As youâ€™ve probably heard, Vonageâ€™s IPO was a flop. It closed down 12.6% from its IPO price of $17. This represented the weakest first day performance of an IPO in nearly two years. It also greatly magnifies the apparent technical violations of the Securities Act I blogged about yesterday (see here). As Voange disclosed in its prospectus, it failed to comply with Rule 433 for its email blast and Rule 134 for its voicemail blast, and as a result these â€œcould be determined to be . . . illegal offer[s] in violation of Section 5 of the Securities Act, in which case recipients could seek to recover damages or seek to require us to repurchase their shares at the IPO price.â€?
For Vonage, the best â€œdefenseâ€? to any claimed violation would have been a nice first day pop followed by the stock staying above its IPO price until the one year statute of limitations ran. In such an event, there would have been no economic motivation for any investor to bring a lawsuit. Alas, that didnâ€™t happen. If Vonage gets sued, it’s prospectus indicates it will rely on an â€œinsignificant deviationâ€? defense. Per its prospectus:
We believe we would have meritorious defenses to any legal actions based on claims of alleged defects in the email, website or voicemail. The website through which the Vonage Customer Directed Share Program is being conducted requires each prospective investor to open an electronic copy of a prospectus meeting the requirements of the Securities Act prior to making a conditional offer to purchase shares of our common stock. It is, therefore, impossible for someone to place an order (or to open an account to do so) in the Vonage Customer Directed Share Program without first having received a copy of the required prospectus. As a result, we believe that the risks to us relating to any such potential claims are not significant.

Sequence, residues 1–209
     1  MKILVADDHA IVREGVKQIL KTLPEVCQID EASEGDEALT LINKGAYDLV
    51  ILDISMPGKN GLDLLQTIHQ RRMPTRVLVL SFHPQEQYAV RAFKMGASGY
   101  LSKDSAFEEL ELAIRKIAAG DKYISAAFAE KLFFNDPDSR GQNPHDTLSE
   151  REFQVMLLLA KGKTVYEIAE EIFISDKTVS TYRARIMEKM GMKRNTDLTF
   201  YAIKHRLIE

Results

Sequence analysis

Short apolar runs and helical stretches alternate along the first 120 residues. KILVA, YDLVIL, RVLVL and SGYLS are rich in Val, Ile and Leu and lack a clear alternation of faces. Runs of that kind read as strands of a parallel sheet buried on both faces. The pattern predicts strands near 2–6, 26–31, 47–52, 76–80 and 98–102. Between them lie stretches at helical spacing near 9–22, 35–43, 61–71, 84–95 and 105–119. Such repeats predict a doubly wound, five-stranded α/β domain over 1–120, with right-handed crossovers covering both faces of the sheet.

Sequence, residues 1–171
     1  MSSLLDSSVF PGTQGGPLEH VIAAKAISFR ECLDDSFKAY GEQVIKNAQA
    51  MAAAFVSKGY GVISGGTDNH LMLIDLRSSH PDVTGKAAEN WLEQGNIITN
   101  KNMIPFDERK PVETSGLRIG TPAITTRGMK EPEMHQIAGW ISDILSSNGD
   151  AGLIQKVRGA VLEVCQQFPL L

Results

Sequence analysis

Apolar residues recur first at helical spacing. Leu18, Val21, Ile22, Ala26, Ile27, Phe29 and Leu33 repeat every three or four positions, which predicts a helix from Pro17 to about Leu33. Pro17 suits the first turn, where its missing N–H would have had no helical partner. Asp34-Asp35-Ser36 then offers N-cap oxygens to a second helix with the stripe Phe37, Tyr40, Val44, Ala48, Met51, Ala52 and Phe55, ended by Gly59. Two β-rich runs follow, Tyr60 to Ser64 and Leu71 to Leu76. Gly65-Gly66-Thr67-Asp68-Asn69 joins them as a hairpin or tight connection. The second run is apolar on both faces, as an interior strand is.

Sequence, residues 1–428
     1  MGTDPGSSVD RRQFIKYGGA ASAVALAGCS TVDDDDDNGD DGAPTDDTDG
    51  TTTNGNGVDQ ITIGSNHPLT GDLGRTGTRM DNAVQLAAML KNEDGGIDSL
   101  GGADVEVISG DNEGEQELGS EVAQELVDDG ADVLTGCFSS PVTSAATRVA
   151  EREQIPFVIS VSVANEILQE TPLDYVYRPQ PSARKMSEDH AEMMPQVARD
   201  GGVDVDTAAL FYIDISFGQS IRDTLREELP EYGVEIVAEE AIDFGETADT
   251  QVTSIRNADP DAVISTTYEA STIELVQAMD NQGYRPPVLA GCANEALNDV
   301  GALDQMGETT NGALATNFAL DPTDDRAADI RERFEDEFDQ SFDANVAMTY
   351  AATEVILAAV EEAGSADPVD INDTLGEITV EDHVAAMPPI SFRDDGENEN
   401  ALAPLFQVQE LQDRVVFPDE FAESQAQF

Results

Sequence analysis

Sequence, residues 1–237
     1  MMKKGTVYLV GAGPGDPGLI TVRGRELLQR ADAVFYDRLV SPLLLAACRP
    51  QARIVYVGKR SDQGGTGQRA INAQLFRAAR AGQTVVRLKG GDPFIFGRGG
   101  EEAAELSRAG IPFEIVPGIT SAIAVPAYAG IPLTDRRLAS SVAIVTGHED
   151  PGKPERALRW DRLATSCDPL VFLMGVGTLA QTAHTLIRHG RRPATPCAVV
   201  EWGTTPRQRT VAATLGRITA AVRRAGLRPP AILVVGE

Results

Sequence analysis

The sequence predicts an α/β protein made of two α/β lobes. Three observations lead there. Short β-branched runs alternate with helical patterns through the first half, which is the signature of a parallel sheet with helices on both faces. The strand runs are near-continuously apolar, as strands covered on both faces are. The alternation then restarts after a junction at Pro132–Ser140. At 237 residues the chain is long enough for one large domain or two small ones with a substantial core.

The problem with an insignificant deviation defense here is that neither Rule 134 nor Rule 433 explicitly provides for it while Rule 508 of Regulation D (not applicable here) does. This of course raises the inference that had the SEC intended there to be an insignificant deviation defense under Rules 134 or 433, it would have explicitly provided for one. Note also that any claim would be under Section 12(a)(1) of the Securities Act which means no need to prove a misstatement or misleading omission of material fact, scienter, loss causation, etc. Also, since it is an IPO, tracing won’t be a problem.
As an aside, I suspect that the voicemail was intended to be a Rule 433 free writing prospectus (“FWP”) (the content of the email and voicemail are basically identical). However, after it was discovered that the email did not include the required hyperlink to the prospectus, the lawyers realized Rule 433 was unavailable for the voicemail and therefore scrambled to come up with a Rule 134 argument. Hence, you could argue that Vonage admitted that the email and the identical voicemail were prospectuses when they filed the email as an FWP. However, because the email was defective it was not in fact an FWP. Therefore the email and the voicemail were prospectuses that failed to meet the requirements of Section 10 and thus violated Section 5(b)(1) of the Securities Act (note that these mental gymnastic are likely not even necessary given the broad definition of prospectus).
One final thought. I just noticed that Vonage listed its shares on the NYSE. I wonder if the NYSE viewed this as a coup given that technology IPOs have historically gone with Nasdaq.